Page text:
"We accomplished what we wanted to do," said
trainer Greg Gilchrist Sept. 18. "It was all about
giving him quality (time). We did everything we could
for him. He was happy and content right up to the end.
He went quietly and easily."
Gilchrist had just finished grazing Lost in the Fog
outside his barn at Golden Gate Fields on the San Francisco
Bay Sept. 17, which he did twice daily, and was heading
to the paddock to saddle a horse when Lost in the Fog
went into distress.
During a teleconference held later in he day, Gilchrist
said it was tough to say goodbye to Lost in the Fog.
It was very emotional," said Gilchrist. "I
probably won't ever get over it. I always said when
it got too bad, Lost in the Fog would let me know.
I think he did yesterday. If he was a person, he would
have said, 'It's time.' That's life and we have to
deal with it. People come and go. I'll just see him
on the other side."
It was unclear whether Lost in the Fog was already
suffering the effects of his illness at last year's
Breeders' Cup, as doctors noted the tumors may have
been growing for up to a year. As a 4 year old this
season, Lost in the Fog won once, taking the Aristides
Breeders' Cup Handicap (gr. III) at Churchill Downs
in June. He captured 11 of 14 starts and earned $978,099.
Lost in the
Fog, the most popular horse to come out of Northern
California since Seabiscuit, was owned by
San Francisco real-estate magnate Harry Aleo. The gruff
octogenarian endeared himself to racing fans by firmly
refusing to sell his star runner, even when the offers
climbed into the high seven figures. "What the hell
would I do that for?" Aleo asked. "I've been
waiting all my life for a horse like this, and if I took
all those millions I'd still be sitting here today doing
what I'm doing, and I wouldn't have that horse that has
given me all this excitement and enjoyment. I'm not in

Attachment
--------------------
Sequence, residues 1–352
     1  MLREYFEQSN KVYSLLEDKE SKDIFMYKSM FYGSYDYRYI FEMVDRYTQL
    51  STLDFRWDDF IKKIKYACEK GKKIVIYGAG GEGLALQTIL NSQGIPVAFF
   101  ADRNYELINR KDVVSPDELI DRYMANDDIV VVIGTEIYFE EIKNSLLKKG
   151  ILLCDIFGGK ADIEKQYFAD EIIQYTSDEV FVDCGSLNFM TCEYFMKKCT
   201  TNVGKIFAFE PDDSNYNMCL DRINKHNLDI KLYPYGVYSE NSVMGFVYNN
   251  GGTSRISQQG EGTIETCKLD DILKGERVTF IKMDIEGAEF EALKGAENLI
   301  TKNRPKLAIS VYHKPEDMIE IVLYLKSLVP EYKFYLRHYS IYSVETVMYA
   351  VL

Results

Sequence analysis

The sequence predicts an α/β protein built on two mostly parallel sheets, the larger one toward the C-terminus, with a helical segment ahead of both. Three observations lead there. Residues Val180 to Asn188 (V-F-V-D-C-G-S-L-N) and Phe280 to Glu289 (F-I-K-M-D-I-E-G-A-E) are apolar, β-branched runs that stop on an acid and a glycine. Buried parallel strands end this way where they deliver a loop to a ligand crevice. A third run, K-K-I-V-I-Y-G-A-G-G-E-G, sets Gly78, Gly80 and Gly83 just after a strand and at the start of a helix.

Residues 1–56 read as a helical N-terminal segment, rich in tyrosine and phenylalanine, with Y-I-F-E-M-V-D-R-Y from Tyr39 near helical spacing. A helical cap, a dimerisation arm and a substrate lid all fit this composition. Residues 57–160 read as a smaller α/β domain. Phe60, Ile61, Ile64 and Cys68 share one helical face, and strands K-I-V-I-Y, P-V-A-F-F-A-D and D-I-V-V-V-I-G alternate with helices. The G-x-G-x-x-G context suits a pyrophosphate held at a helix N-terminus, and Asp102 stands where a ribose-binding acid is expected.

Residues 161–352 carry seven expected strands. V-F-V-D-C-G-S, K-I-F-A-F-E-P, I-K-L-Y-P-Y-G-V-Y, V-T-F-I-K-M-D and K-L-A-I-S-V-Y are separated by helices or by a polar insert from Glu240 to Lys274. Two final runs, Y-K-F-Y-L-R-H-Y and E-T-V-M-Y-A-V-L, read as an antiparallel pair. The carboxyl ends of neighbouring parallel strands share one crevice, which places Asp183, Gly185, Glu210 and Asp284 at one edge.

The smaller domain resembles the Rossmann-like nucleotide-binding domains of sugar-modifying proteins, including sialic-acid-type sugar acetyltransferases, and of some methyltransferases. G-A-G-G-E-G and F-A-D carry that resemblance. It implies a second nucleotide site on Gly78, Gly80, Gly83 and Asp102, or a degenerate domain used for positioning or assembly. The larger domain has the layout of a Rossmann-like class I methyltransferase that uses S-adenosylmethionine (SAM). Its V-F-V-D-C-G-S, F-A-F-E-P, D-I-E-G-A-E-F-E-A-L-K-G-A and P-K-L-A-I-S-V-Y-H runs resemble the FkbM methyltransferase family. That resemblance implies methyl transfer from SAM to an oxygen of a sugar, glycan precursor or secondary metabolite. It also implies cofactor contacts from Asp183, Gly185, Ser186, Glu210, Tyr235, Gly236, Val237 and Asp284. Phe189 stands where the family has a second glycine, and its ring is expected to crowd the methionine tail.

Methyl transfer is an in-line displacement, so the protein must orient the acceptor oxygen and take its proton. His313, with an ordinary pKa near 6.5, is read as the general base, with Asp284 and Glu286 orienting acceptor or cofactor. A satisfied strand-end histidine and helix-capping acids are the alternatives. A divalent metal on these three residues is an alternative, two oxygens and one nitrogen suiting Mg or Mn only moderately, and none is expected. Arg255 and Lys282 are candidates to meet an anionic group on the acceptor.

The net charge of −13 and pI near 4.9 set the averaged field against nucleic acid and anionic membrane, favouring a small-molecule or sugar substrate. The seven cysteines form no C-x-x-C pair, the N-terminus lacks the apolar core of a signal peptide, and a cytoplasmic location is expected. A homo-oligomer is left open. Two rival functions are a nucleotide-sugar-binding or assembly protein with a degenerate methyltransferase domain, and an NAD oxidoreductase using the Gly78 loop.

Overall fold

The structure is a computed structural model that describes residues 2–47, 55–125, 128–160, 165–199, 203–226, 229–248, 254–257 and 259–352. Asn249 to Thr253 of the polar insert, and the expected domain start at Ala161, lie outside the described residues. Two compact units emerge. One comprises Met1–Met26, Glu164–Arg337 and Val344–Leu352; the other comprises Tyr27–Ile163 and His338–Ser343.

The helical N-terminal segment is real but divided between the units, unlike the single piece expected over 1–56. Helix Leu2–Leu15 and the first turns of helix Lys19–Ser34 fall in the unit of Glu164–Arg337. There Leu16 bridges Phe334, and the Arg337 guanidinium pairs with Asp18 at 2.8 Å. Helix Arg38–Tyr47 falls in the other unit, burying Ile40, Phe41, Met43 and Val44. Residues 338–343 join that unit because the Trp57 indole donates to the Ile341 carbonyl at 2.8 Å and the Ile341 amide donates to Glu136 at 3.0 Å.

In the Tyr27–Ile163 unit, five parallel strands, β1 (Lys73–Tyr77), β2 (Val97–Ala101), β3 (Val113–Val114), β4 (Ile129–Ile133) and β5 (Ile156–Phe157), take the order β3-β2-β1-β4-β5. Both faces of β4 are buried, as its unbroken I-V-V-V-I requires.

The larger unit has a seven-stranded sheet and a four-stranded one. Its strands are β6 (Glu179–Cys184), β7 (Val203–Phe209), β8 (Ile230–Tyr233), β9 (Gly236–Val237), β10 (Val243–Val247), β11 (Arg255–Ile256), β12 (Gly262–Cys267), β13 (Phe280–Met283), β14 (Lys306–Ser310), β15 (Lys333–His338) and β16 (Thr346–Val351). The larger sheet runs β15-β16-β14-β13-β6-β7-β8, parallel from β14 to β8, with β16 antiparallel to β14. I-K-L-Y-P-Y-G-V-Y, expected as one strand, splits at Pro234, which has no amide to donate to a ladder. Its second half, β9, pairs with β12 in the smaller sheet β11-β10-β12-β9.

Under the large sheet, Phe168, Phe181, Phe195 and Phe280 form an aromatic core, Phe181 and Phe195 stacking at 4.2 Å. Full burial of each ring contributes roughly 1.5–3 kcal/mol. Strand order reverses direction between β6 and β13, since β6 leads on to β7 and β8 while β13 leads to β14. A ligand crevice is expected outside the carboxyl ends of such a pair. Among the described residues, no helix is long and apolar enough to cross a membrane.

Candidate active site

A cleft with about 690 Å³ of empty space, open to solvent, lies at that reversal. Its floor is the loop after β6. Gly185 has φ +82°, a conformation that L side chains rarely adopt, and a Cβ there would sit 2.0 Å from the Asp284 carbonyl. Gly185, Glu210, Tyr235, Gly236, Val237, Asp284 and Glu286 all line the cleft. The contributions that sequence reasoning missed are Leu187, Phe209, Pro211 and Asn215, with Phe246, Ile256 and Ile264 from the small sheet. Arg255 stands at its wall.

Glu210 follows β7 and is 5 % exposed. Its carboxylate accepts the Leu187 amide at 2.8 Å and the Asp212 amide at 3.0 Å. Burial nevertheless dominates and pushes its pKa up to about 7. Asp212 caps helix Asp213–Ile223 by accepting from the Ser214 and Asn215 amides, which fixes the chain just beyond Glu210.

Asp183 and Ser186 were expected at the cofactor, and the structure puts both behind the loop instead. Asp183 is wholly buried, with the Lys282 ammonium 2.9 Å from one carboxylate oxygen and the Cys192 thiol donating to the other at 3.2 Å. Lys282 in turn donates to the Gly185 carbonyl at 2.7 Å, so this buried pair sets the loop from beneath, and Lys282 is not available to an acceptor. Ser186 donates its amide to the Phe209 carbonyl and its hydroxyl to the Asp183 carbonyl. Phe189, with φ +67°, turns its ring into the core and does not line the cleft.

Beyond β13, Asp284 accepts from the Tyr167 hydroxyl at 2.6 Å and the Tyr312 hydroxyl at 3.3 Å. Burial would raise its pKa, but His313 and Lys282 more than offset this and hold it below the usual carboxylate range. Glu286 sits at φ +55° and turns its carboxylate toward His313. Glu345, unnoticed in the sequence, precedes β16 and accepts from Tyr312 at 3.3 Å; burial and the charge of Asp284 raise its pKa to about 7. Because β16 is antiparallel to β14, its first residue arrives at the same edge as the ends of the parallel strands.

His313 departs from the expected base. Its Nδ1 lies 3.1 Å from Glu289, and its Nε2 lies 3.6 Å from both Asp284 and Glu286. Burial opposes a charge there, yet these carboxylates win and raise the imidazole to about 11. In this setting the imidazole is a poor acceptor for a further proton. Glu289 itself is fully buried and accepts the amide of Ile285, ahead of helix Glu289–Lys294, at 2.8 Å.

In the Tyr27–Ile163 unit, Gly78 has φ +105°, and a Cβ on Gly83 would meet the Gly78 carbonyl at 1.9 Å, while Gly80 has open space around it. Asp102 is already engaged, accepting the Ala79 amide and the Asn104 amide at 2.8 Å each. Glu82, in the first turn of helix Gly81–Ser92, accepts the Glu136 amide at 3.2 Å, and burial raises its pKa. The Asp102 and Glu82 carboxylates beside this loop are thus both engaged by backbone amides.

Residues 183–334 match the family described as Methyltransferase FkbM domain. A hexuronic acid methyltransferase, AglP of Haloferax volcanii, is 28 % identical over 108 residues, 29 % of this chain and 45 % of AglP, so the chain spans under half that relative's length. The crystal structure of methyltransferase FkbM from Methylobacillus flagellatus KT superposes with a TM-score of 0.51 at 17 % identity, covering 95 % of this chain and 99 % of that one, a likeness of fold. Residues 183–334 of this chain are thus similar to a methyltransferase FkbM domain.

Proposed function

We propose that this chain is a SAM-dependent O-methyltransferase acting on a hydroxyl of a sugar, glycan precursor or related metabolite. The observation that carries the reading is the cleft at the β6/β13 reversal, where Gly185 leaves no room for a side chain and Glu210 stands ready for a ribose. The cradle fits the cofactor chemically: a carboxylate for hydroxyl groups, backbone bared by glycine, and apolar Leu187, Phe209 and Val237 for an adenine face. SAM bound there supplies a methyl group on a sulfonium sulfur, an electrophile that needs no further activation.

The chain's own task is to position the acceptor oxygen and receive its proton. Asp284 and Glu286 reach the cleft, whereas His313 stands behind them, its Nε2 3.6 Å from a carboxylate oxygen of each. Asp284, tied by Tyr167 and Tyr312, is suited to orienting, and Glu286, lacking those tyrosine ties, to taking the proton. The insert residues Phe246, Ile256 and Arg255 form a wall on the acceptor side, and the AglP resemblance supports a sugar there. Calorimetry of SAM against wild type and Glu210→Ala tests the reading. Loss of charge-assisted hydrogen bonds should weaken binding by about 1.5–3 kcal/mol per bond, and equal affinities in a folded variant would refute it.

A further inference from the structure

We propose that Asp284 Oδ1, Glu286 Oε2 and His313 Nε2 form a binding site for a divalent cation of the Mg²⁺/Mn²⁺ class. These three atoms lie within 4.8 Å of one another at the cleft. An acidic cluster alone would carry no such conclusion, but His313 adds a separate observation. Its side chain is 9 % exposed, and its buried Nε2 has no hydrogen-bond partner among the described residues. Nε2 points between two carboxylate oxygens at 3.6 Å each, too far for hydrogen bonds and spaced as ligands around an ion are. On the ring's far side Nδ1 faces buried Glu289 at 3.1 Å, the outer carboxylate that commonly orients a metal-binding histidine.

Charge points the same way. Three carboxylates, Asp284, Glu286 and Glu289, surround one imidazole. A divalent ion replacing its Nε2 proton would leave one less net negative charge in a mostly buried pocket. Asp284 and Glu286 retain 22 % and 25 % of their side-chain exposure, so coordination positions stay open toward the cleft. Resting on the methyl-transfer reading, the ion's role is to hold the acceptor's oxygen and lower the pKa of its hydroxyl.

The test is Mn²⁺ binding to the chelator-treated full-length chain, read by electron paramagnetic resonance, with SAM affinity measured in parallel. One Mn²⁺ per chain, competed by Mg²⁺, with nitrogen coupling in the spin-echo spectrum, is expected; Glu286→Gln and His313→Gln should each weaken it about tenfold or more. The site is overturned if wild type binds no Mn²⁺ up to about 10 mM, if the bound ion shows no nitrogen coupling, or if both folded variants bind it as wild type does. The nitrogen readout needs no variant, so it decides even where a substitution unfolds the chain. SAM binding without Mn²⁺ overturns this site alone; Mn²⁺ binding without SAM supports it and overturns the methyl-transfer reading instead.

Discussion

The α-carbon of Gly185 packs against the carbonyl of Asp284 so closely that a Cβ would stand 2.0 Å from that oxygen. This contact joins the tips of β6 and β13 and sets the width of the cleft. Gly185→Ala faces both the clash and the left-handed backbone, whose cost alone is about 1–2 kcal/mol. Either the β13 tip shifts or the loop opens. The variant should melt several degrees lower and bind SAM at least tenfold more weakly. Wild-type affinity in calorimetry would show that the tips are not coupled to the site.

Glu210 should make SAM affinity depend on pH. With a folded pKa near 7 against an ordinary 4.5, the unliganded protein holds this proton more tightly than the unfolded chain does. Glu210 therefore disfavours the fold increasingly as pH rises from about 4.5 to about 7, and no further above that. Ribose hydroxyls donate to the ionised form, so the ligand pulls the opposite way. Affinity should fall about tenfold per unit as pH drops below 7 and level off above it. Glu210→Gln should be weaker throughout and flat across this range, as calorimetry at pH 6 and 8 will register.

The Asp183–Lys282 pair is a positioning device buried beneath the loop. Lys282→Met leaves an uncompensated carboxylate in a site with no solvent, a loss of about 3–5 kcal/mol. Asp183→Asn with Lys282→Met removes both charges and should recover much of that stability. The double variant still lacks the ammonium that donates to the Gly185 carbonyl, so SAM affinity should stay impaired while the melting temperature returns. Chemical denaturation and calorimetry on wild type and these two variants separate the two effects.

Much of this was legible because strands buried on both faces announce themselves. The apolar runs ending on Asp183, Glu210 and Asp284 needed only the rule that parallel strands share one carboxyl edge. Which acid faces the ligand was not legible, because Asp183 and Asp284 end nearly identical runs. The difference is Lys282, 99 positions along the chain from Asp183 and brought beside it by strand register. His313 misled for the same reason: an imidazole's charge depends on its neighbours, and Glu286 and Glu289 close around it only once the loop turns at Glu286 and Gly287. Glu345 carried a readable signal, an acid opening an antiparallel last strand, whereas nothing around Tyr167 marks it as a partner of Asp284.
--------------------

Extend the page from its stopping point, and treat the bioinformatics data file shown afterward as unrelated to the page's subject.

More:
the selling business. I'm in the racing business."
Gilchrist resisted the urgings of others to stretch
Lost in the Fog out for the 3 year old Classic races
last year, and was vindicated by the championship season
turned in by his charge. Lost in the Fog proved best
in the King's Bishop Stakes (gr. I), Carry Back Stakes
(gr. II), Riva Ridge Breeders' Cup Stakes (gr. II), Swale
Stakes (gr. II), and Bay Shore Stakes (gr. III).
"As much as he accomplished, we'll never know how
good he really was," Gilchrist said. "What
a warrior, to win a graded stakes race three months before
he was put down. He never let us down, and we didn't
ever want to let him down."
Fans around the country got to see this national traveler,
a throwback to bygone eras when horses raced often and
in numerous locales. As a 3 year old, Lost in the Fog
made three separate trips to Florida and four journeys
to New York, running just twice in Northern California
all year. The son of Lost Soldier--Cloud Break, by Dr.
Carter, was bred in Florida by Susan Seper.
Gilchrist noted his star was uncomfortable at the barn,
and took him to the University of California
at Davis' Large Animal Clinic for what was believed to
be a case of colic. However, doctors found a cancerous
mass in the colt's spleen. Further tests revealed the
presence of other masses that were inoperable. Medication
was then employed to see if the masses could be shrunk
enough so that chemotherapy or surgery might be applicable. "We
will do anything we can for the horse," Gilchrist
said. "It's almost a Barbaro-type situation."
Moved back to his stall at Golden Gate Fields, Lost
in the Fog was reported by Gilchrist to be in good spirits.
A week before his death, Gilchrist said during a phone
conversation that the colt had bit him on the thumb that
Gilchrist said Lost in the Fog will be cremated and
it's likely his ashes will go to Southern Chase Farm
in Florida, where he was raised.